Dissident accused of police murder bid in 2013 refused bail
An alleged senior dissident republican paramilitary accused of trying to kill police officers must remain in custody, a High Court judge ruled.
Lord Justice Gillen denied bail to Alex McCrory despite expressing concern that he will have spent more than two years behind bars before discovering if he is to stand trial.
He said: "Because of the nature of the offence and because of the alleged involvement of this applicant, it would not be in the public interest that he be granted bail."
McCrory (53) of Sliabh Dubh View in Belfast, faces charges connected to a gun attack on a police convoy in north Belfast.
A PSNI Land Rover and two accompanying vehicles came under fire on the Crumlin Road in December 2013. Two AK47 rifles and spent rounds of ammunition were later recovered along with a hijacked and burnt-out taxi.
McCrory faces charges of conspiring with co-accused Colin Duffy and Henry Fitzsimons (both 47) to murder members of the security forces and belonging to a proscribed organisation - namely the Irish Republican Army.
He is also accused of attempting to murder police officers, and possessing firearms and ammunition with intent to endanger life. Charges were brought against him, Duffy, from Forest Glade in Lurgan, and Fitzsimons, of no fixed address, following a covert surveillance operation.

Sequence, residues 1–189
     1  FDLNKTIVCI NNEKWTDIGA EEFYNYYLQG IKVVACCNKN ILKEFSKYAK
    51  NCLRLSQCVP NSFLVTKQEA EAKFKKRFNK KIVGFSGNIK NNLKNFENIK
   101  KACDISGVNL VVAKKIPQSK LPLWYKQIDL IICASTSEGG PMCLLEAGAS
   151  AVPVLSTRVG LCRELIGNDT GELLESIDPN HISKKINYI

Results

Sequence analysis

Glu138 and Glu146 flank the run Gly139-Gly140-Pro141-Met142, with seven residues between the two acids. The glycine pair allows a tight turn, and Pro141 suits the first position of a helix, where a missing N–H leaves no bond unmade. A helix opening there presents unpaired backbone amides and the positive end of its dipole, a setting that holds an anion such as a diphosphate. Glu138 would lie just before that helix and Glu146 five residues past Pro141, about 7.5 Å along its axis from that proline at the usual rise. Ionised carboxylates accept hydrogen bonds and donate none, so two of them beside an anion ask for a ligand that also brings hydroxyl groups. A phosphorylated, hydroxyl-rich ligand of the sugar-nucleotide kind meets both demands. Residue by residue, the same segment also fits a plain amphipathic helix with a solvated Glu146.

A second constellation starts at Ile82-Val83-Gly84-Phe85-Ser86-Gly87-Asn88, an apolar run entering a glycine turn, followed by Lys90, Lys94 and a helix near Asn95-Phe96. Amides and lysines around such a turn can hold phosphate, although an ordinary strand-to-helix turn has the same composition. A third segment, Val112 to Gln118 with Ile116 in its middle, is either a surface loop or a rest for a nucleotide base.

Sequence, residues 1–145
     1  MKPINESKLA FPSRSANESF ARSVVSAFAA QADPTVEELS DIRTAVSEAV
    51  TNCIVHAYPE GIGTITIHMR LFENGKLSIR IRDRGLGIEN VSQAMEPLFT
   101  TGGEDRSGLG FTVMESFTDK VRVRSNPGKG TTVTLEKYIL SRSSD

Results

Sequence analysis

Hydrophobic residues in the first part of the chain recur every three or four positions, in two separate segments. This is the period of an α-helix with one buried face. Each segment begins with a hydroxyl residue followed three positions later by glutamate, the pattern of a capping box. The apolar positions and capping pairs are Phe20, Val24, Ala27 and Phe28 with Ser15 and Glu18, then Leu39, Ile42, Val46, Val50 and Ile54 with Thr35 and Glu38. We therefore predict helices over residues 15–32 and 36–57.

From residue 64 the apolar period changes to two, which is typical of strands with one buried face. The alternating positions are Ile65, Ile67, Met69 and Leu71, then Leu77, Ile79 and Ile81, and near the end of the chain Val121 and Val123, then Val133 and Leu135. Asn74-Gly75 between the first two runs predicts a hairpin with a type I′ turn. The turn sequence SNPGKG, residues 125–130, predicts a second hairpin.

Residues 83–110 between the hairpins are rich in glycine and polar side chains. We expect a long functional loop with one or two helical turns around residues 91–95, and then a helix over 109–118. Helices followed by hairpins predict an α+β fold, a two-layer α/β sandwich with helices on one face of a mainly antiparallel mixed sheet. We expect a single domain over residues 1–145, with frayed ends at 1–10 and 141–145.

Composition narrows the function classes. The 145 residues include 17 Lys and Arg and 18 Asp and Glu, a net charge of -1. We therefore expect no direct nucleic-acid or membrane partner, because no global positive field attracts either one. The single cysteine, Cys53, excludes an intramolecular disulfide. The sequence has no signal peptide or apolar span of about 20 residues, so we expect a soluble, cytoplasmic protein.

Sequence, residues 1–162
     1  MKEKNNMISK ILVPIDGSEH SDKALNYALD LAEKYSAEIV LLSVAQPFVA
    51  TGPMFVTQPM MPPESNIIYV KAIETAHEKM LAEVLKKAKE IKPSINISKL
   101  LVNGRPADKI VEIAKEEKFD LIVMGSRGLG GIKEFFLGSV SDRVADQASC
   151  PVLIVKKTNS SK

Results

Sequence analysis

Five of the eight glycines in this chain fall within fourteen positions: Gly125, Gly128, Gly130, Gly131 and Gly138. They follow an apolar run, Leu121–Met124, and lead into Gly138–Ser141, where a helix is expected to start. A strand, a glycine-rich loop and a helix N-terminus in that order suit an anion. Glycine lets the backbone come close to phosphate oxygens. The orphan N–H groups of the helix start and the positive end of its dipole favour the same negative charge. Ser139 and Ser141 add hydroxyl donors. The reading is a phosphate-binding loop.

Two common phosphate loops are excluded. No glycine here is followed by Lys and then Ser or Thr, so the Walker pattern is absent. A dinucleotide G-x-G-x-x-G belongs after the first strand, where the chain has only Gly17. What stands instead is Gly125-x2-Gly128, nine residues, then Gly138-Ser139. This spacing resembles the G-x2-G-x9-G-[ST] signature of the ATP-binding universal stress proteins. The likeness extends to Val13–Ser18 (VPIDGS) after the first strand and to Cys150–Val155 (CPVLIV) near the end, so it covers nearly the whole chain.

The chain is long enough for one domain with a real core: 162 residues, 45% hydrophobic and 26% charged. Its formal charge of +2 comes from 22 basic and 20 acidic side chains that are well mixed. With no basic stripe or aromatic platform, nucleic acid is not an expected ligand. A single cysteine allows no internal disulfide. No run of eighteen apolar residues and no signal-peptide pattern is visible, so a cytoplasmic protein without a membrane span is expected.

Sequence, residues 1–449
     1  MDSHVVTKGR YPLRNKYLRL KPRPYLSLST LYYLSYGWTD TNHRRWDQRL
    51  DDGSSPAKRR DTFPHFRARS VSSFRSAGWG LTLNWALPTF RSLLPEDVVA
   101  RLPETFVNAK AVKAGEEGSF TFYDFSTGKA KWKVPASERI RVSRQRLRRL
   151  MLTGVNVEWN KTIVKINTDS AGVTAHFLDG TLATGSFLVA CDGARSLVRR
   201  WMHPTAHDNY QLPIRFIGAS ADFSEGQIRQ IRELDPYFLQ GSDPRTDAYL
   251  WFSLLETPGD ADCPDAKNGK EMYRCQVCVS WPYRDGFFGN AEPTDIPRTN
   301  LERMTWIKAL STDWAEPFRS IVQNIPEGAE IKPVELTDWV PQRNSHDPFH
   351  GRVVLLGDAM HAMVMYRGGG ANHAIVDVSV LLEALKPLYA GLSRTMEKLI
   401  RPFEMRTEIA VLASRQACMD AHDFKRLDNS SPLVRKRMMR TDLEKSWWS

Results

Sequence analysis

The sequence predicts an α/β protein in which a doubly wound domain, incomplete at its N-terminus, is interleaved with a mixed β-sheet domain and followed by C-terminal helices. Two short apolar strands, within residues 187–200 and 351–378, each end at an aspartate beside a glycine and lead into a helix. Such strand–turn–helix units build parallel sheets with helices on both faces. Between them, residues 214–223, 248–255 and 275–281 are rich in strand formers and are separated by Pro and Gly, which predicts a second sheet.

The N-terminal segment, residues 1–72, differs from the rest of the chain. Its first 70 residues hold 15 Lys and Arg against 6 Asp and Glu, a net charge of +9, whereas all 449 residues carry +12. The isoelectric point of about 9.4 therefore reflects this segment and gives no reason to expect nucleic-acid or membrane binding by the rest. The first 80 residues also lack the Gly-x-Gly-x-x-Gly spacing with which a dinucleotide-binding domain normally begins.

Security services recorded the three men meeting near Duffy's home a day after the gun attack, the prosecution allege.
According to a Crown lawyer, they held in-depth discussions about the attempt to kill officers and the weapons used.
The talks also centred on how future operations needed to focus on targets with a high likelihood of "getting a kill", the court heard. During the bail hearing, it was claimed that McCrory was central to the discussions.
Prosecution counsel alleged he made the "chilling" assertion that he would be "willing to do 15 years" if it meant a police officer being killed or seriously injured. McCrory's renewed bid to be released from custody centred on delays in deciding whether the three accused should stand trial.
Defence barrister Dessie Hutton argued that the hold-up was partly caused by problems reformatting audio and visual exhibits served on his client and solicitors. With the preliminary enquiry now re-listed for January, Mr Hutton stressed McCrory will have spent two years in custody before it is determined if he has a case to answer.
Ruling on the application, Lord Justice Gillen acknowledged the complexities involved.
"Whilst normally delays of this kind would be completely unacceptable, in this instance I do recognise that there are complicated factors because of the highly technical nature of this case," he said. Bail was refused due to the risk of re-offending.
However, the judge warned that McCrory may be released from custody if the preliminary enquiry does not go ahead as scheduled.